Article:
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Reflections of a working writer and reader



Out-takes XXV

‘Yeah, I’ve been reading those books again. I read all kinds of books. That’s one of the things I do. Everybody in the world does a few things, you know that. Or you might get some people who do lots of different things and they’re crap at all of them. Most of us, we’re good at our jobs or our families and then we’re good at our hobbies, like collecting stamps or using computers, whatever it is.

‘What I’m good at, I’m good at my job and I’m good with Janet and Echo, and I’m an expert on Sam Turner. After that I’m good at reading about psychology because I find it fascinating how people’re motivated and I have a certain penchant with the English language, making up metaphors, which is why I read poetry books with poems in them.’

Sam sighed. ‘Geordie, I’m saying this because I’m your friend, so don’t take it wrong. OK?’

‘I’m listening.’

‘You are good at your job and you are good with Janet. Psychology, I can see you’re interested in it and you do know something about it, but you’re not an expert.’

‘OK. I can take that.’

‘But you certainly don’t have a penchant for the English language. What does it mean? Penchant.’

‘An inclination. A liking for it.’

‘You sure?’

‘Yeah. Look it up in the dictionary.’

‘I thought it meant you were good at it.’

‘No,’ Geordie said. ‘Lot of people think that, but that’s not what it means.’

‘OK, if it means a strong liking for the English language, maybe you have.’

‘I have, Sam. I should know that. There’s no maybe here. I have a strong penchant for the English language. I didn’t have much of an education what with my mother getting lost when I was still young. That set me back a few years, worrying about where she’d got to, and then running away from children’s homes took over for a while, so all in all I didn’t get a lot of essays written when I was a kid, missed out on a few grammar lessons.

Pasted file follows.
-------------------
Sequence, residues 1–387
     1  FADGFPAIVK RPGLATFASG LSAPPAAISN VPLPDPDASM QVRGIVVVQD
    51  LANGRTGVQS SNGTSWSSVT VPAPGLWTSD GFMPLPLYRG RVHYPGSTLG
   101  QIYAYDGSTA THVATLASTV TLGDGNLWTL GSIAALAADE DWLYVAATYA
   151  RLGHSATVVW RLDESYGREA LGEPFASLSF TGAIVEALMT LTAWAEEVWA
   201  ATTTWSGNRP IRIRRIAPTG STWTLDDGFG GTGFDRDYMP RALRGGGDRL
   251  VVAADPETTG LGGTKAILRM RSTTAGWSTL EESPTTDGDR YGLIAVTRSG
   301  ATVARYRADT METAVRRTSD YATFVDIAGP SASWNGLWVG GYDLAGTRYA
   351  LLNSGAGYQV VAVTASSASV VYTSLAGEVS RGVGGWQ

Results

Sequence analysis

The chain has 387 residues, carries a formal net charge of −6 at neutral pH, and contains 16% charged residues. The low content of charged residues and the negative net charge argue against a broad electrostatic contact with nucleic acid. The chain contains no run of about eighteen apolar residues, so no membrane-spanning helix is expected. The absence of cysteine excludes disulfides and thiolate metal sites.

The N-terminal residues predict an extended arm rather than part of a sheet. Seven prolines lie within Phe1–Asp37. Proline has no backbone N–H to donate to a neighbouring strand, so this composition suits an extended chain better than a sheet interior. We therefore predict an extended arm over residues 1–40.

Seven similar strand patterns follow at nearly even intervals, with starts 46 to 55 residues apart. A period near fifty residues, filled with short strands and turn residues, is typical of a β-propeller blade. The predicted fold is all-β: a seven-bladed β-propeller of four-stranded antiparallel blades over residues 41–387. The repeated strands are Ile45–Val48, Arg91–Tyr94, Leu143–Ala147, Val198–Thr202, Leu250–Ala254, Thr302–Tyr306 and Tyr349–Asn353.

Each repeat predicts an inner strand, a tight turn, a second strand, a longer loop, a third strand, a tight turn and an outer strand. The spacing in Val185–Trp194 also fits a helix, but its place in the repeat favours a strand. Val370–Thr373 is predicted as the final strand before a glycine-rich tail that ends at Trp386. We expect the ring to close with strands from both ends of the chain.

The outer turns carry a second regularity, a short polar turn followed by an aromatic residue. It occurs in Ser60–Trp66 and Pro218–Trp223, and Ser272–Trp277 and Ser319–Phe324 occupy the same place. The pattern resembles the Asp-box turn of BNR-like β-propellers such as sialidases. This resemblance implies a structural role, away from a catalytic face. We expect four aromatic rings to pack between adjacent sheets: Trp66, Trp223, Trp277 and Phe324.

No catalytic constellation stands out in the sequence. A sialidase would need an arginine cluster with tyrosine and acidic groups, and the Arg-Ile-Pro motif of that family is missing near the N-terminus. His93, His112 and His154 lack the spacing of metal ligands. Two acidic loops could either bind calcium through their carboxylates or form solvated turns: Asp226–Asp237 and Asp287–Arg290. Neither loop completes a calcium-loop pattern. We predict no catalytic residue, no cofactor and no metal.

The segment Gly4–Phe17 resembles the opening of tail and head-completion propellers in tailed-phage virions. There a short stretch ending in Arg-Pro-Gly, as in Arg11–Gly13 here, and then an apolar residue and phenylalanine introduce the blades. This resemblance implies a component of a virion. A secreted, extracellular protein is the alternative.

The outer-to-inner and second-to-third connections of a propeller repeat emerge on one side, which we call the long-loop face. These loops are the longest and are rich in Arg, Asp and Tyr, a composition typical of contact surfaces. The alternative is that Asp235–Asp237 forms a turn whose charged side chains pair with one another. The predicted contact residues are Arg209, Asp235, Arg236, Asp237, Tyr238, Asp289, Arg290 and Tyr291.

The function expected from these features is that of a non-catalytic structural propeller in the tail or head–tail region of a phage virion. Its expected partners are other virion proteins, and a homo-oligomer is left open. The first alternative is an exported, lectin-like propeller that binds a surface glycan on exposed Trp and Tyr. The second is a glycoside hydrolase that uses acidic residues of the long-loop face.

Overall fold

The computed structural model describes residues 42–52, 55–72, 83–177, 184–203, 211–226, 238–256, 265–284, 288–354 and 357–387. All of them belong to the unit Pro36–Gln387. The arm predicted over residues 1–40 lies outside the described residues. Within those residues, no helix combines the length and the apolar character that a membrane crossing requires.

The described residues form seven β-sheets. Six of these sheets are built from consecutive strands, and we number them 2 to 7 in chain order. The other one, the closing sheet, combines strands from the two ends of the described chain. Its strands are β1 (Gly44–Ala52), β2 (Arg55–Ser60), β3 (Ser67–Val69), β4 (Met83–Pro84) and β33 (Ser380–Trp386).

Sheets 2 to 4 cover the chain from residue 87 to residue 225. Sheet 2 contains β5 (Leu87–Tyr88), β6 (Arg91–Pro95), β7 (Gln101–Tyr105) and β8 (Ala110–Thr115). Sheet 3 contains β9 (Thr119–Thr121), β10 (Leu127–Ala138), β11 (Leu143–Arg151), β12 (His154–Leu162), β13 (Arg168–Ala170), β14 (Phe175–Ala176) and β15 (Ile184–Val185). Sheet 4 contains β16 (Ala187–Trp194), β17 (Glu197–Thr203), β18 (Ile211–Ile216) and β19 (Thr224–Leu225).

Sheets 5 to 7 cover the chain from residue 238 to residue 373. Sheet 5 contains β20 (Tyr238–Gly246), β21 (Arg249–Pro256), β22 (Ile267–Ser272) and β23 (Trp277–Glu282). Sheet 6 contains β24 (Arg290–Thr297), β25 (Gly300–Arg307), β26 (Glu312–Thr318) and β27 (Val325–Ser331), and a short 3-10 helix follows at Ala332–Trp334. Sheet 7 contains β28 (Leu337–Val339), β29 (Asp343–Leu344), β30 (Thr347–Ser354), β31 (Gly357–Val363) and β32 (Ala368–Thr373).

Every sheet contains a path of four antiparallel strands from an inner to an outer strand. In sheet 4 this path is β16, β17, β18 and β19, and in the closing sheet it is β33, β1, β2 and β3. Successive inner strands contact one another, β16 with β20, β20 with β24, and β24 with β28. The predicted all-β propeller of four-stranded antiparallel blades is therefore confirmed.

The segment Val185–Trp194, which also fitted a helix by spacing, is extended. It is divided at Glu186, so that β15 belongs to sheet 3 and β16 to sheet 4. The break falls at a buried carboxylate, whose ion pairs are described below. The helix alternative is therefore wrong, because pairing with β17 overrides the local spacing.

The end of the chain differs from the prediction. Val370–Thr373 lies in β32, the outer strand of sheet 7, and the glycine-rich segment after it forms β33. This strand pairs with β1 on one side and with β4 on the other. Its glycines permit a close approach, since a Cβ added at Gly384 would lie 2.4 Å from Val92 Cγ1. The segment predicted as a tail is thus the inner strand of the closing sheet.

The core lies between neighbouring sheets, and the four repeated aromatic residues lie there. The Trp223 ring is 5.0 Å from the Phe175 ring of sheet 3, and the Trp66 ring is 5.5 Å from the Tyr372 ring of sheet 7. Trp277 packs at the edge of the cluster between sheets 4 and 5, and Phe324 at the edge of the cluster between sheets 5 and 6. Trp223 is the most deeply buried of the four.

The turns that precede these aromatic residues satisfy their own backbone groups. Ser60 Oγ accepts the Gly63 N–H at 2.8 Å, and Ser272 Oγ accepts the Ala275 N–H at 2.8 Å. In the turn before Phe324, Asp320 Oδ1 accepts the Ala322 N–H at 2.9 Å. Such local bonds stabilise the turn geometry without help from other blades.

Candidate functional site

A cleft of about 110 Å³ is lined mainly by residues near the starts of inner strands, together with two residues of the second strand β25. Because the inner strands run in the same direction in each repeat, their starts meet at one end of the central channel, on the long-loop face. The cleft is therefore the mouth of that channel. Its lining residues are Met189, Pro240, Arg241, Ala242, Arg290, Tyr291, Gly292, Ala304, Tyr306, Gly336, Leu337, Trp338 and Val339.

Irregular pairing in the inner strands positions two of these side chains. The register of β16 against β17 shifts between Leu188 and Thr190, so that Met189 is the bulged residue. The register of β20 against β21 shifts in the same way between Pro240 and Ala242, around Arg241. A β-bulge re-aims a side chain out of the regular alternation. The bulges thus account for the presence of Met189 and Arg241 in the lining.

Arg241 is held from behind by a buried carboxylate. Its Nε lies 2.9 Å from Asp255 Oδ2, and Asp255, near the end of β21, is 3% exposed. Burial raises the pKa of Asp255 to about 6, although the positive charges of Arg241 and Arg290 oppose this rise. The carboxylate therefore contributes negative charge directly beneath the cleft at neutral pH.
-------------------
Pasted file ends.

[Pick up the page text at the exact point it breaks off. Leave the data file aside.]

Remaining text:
‘Being on the street for a couple of years didn’t help, either. It’s not the best environment for book reading. People might think of it as an opportunity, you know, not a lot of things to do so you might as well read. But when you’re homeless reading doesn’t seem to occupy your mind as much as you’d think.

‘So all this hit me late. Reading, culture, psychology, all that stuff. When I started working for you, Celia giving me English lessons, JD being a writer and knowing all that philosophy. For the first few months, maybe a year or more I was in a flat spin. Half the time I didn’t know what anybody was talking about. But I don’t have that problem any more. I’m clued up. Mature. I know what I like, I’ve got my penchants all lined up.’

‘This is another one of those times you like,’ Sam told him.

‘You mean you’re wrong?’


‘And you’re admitting it?’


‘It’s really great to be here, you know that,’ Geordie said. ‘Wouldn’t have missed it for the world.’

One Response to “Out-takes XXV”

  1. M says:

    Excellent voice in this piece. Related to it. Thanks.


    jb says: Yeah, I think the voice is consistent. But it didn’t make into the final draft of the novel, and now I can’t remember why. That must happen to other people, too? I’m sure there was a perfectly good reason at the time.